“The banking sector is reluctant to advance credit to farmers because the issues of long-term tenure of land and ownership have yet to be properly resolved. Thus lack of immovable assets to use as collateral has been a barrier for credit provision and farmers have not been able to purchase inputs necessary for increasing productivity.
“This situation has been made worse by new farmers not having been able to establish a suitable farming track record with banks to access credit,” Steyl said.
He also highlighted that the high prevailing interest rates in comparison to the returns in agriculture make financing at the current market rates uneconomic.
“Regrettably, the high interest rate regime continues to have a negative impact on the productive sectors of the economy as they culminate in high production costs, thus making locally produced commodities less competitive on both the domestic and international markets,” he said.
Financial institutions have not been able to advance long-term funding to farmers. They are currently offering farmers short-term loans of up to one year, thus limiting funding for plantation and export crops.
Coffee, tea, sugar and citrus production require long-term commitments and financing for at least three to four years.
In August, government adopted a special maize production programme, the command agriculture, targeting 400 000 hectares of land, expected to produce at least two million tonnes of maize, enough to meet national grain requirements.
In terms of water availability, following two consecutive drought years, the water situation in the south and marginal areas in the extreme north remained critical.
National dam levels averaged 37,7 percent of capacity, with Zimbabwe National Water Authority appealing to all water users across the country to use the available resource sparingly. Normally, the average dam level should be 63 percent.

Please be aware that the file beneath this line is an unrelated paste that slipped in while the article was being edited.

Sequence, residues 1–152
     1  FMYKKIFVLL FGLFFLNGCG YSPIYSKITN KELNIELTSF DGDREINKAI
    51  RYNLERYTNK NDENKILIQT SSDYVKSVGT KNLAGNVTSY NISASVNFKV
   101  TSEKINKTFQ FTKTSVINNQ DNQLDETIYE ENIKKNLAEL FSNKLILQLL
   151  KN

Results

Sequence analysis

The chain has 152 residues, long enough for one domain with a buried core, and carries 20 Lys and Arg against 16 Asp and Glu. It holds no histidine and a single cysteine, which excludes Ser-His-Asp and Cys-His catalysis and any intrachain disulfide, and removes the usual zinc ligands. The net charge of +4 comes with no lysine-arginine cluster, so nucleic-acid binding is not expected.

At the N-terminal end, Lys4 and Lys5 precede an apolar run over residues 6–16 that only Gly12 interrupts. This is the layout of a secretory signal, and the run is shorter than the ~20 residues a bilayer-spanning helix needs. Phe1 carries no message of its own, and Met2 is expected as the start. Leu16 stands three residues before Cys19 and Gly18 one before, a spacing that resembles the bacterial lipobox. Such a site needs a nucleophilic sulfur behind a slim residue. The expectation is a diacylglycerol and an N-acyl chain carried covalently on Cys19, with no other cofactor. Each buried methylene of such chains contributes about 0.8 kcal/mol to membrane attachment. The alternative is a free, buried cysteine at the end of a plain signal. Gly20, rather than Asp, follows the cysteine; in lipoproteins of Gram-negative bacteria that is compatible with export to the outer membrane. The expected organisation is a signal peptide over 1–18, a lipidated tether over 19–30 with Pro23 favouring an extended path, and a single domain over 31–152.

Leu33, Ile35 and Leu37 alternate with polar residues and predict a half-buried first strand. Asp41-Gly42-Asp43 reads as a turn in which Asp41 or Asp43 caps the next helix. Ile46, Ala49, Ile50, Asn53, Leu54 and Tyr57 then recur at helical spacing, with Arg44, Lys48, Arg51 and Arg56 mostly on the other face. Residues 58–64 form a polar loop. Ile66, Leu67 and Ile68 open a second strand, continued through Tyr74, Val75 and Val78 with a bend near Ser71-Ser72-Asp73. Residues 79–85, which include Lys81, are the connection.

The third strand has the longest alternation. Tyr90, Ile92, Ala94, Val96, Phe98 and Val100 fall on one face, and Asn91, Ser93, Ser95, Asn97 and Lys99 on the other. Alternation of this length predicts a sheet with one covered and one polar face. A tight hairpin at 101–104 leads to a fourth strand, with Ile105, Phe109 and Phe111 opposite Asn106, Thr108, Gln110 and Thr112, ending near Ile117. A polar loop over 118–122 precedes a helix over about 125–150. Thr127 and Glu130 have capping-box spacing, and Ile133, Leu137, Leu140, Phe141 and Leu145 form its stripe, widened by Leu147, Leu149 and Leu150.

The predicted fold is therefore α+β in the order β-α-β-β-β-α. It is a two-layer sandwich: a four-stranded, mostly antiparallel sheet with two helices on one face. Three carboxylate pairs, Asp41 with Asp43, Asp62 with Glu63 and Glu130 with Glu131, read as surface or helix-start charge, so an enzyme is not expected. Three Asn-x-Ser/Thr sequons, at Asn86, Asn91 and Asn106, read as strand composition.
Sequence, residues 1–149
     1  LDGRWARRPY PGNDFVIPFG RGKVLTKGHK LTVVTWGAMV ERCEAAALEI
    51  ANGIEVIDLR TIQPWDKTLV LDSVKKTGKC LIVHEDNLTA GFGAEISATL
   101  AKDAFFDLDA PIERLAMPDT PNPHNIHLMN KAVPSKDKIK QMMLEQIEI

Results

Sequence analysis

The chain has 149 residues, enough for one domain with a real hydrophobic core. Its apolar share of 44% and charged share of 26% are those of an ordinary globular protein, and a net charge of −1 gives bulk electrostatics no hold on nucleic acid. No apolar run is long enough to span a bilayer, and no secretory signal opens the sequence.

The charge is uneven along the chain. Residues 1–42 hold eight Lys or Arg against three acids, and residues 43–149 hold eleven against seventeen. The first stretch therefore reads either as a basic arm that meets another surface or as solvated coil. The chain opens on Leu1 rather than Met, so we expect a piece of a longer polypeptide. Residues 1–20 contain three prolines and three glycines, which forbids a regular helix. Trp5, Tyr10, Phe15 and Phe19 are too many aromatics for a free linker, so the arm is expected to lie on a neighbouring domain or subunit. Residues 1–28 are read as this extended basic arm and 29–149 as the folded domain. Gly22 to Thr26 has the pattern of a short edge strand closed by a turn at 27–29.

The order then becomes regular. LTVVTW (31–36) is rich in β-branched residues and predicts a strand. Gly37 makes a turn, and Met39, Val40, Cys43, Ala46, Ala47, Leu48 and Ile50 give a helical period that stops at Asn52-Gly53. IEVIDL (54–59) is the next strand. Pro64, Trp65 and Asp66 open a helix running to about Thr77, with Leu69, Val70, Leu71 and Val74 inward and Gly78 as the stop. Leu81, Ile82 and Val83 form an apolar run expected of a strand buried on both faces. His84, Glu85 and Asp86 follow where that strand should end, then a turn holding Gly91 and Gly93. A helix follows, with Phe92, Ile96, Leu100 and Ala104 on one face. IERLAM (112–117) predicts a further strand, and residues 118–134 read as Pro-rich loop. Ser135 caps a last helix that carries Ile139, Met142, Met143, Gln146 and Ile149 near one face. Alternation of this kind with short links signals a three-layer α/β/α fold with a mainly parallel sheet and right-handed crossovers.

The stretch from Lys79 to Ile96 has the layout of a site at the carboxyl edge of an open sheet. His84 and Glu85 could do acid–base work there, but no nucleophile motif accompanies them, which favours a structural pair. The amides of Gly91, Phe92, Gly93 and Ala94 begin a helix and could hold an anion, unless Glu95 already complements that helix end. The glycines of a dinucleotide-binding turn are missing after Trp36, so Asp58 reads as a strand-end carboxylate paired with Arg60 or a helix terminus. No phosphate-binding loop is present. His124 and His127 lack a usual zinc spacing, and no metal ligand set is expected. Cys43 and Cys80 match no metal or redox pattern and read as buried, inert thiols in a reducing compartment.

The worst affected are the Save and Runde catchments in the south with Lake Mutirikwi recording a low of five percent. These catchments supply the drought-prone areas of Masvingo, Matabeleland South, Midlands, Manicaland, and Matabeleland North provinces. Underground water tables dropped to below 100 metres. Most rivers and dams had dried up towards the start of the 2016/17 summer rainfall season around October.
“It is what did not happen in agriculture that is much bigger than what happened. Despite having the most irrigation dams in Africa by far, we have continued to fail to use them properly throughout the last season and our crop yields have been correspondingly low. Dam building remains at an all-time low – with no new privately-funded dams having been built for many years and apart from the as yet unfinished Tokwe-Mukorsi, no new government dams having been built either,” Mike Campbell Foundation executive director, Ben Freeth said.
Despite government repeatedly announcing an end to the land reform programme and the introduction of agrarian reforms, the ethnic cleansing of white farmers quietly continued throughout 2016, with new listings, new invasions and continued lawless reigning supreme.
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“This continues to affect confidence and severely hamper investment. The lack of property rights in Zimbabwe with section 72 of the Constitution remaining in place will unfortunately continue to constrict investment. It will mean we will continue to rely on the international community for food aid from one season to the next. When this is coupled with the indigenisation laws, our recipe for starvation is well known,” Freeth added.
Two major new pests surfaced during the 2016 agricultural season and are expected to affect the 2017 crop. The Asian stalk borer is proving to be very difficult to control with the available chemicals. It is causing huge damages in the maize crop. The other pest, tuta-absoluta — a South American leaf miner affected the tomato crop. Control of both pests is proving to be very difficult.
National fertiliser demand for the 2016/17 agriculture season is expected to be 350 000 metric tonnes, comprised of 170 000 tonnes basal Compounds and 180 000 top dressing fertilisers. Ammonium Nitrate fertiliser is currently priced at US$590 per tonne, while a tonne of Compound D is priced at US$550. The local fertiliser industry continues to struggle due to competition from imports, a liquidity crisis, poor production history by farmers and high costs of production.
With prospects of normal to above normal rains in the 2016/2017 agricultural year, crop production is expected to improve in all sectors that rely on rain-fed agriculture.